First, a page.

Internet

Up to one-third of celebrities write their own blogs

JDM061206blog.jpg
Li Bingbing typed all those emoticons herself.
Beijing's Mirror surveyed around three dozen of Sina's nearly 300 celebrity bloggers and found that two-thirds admitted that they were not the sole maintainers of their blogs.

The celebrity bloggers, many of whom are among Sina's most popular blogs, fell into three categories: those who claim to write their blogs themselves, those who have little to do with their blogs at all, and those who collaborate on blog posts with an assistant.

In the first category are luminaries like Xu Jinglei and Li Bingbing. Both actresses claim responsibility for every blog post - Xu says that she has never considered hiring someone to blog for her, and Li says that she "writes every post, every word, and every bit of punctuation herself."

Other celebrities treat their blogs as just another promotional outlet. Fan Bingbing's manager revealed that almost all of her blog posts are produced by an uncle-nephew team, and whoever is responsbile for writing Li Xiang's blog has been criticized for being completely out of touch with what Li is actually doing.

Somewhere in the middle are celebrities like Li Yapeng. Li, whose posts about his new daughter and his extended family have gained him quite an audience, writes out all of his posts long-hand, says his manager. Since he doesn't have the time or inclination to become proficient at typing, he typically hands his drafts over to a typist who posts them on his blog.

The Mirror article sees fan anger at the practice of using hired-gun bloggers as just one more manifestation of a general perception that celebrities lack integrity. Since so many celebrity blogs are self-serving at best and vectors for spreading misinformation at worst, is there any difference between a post written by a celebrity and one written by a ghostwriter? Does it matter who was responsible for posting about Li Xiang's happy marriage while she was in the process of getting a divorce?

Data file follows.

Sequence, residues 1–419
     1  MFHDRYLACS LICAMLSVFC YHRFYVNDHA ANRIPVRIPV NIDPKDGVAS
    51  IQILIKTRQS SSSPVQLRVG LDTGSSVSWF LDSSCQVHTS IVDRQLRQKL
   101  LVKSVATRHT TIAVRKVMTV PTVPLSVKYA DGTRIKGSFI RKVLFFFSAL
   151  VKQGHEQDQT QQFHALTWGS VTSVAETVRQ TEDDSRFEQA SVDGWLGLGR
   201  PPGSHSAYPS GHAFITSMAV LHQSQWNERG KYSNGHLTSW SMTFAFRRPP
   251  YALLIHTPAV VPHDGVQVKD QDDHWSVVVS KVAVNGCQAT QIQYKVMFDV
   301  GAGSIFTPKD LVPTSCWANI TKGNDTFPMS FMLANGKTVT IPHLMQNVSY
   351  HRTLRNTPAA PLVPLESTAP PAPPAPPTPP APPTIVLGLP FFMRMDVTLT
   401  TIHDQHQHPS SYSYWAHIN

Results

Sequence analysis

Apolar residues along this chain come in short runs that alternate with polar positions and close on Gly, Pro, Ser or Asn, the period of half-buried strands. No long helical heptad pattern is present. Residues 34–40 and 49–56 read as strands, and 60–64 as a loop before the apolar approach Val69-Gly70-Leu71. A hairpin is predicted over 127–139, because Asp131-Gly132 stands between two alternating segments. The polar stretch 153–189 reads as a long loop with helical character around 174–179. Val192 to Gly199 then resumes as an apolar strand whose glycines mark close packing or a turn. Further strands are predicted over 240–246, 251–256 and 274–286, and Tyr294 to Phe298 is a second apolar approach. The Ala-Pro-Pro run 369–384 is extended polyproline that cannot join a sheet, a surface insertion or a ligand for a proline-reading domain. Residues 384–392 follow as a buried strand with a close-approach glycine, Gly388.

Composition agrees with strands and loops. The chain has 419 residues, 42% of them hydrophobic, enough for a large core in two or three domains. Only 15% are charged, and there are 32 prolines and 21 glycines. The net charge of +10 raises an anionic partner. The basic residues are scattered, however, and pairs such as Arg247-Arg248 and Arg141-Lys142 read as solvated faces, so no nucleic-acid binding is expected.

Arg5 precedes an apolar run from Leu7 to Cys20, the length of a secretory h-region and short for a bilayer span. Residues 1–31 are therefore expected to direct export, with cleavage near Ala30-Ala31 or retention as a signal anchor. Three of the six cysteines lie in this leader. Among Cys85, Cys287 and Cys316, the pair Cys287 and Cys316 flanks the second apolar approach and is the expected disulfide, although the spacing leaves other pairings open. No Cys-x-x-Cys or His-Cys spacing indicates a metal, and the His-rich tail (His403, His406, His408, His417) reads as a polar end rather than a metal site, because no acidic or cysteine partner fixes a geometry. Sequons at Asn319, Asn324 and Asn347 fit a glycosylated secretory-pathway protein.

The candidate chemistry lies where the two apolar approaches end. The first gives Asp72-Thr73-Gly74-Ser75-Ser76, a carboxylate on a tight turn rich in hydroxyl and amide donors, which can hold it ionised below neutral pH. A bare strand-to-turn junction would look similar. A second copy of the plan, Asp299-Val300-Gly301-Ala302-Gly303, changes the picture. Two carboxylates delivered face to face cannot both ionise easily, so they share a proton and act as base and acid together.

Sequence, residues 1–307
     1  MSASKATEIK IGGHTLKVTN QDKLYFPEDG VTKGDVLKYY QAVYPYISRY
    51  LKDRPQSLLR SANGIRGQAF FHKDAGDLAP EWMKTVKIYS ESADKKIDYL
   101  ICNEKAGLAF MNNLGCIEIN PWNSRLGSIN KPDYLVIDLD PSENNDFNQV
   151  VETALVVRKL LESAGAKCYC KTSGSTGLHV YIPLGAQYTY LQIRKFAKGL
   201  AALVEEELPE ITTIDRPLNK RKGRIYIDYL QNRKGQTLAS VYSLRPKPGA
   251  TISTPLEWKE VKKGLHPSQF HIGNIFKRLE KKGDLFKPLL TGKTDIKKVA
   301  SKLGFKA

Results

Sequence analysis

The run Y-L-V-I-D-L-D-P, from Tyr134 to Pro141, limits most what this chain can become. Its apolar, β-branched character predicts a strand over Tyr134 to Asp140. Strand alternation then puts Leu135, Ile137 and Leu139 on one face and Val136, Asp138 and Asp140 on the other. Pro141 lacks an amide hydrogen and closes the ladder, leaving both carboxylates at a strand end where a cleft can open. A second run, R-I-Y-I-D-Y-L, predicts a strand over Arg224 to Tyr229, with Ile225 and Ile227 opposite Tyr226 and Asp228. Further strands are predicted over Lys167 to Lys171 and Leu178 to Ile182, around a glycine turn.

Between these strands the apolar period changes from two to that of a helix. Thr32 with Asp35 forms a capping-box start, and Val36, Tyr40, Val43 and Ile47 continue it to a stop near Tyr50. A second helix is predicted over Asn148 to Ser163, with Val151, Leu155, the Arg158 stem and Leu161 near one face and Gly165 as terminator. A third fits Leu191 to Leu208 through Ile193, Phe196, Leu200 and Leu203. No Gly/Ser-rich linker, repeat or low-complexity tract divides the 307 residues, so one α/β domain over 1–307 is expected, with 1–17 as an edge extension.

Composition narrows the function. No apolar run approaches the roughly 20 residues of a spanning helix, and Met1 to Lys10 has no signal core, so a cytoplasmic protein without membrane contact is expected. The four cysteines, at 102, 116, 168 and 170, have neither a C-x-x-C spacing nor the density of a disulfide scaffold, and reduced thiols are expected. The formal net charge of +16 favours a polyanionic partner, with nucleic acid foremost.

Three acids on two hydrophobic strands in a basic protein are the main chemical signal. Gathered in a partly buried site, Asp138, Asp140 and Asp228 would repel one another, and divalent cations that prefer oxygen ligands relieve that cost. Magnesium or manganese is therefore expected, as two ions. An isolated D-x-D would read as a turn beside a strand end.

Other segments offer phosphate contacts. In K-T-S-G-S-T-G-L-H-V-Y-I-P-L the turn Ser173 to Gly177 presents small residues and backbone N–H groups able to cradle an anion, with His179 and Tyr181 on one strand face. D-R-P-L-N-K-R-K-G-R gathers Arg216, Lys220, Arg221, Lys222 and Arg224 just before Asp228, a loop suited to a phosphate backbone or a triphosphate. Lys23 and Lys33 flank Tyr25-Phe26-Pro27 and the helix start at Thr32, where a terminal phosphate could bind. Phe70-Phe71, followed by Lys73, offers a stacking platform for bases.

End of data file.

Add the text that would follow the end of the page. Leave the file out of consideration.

Just typical behavior from the glitterati, right? Perhaps what's most impressive is that two-thirds of celebrities have any direct involvement in their blogs at all.

Links and Sources
There are currently 1 Comments for Up to one-third of celebrities write their own blogs.

Comments on Up to one-third of celebrities write their own blogs

>>a general perception that celebrities lack integrity

Ah, Danwei, you know the way to my funny bone!

"Celebrities lack integrity" is one of those sentences in the category that includes "wet spaghetti lacks stiffness", "heavy rain lacks a certain ineffable dryness", and "key to my house lacks ability to open random bank vaults".

In other words: Duh!

China Media Timeline
Major media events over the last three decades
Danwei Model Workers
The latest recommended blogs and new media
laomo2010x80.jpg
From 2008
Front Page of the Day
A different newspaper every weekday
From the Vault
Classic Danwei posts
+ Culture and corporate propaganda in Soho Xiaobao (2007.11): Mid-2007 issues of Soho Xiaobao (SOHO小报), illustrating the complicated identity of in-house magazines run by real estate companies.
+ Internet executives complain about excessive Net censorship (2010.03): Internet executives complain about excessive Net censorship at an officially sanctioned meeting in Shenzhen.
+ Crowd-sourced cheating on the 2010 gaokao (2010.06): A student in Sichuan seeks help with the ancient Chinese section of this year's college entrance exam -- while the test is going on!
Danwei Archives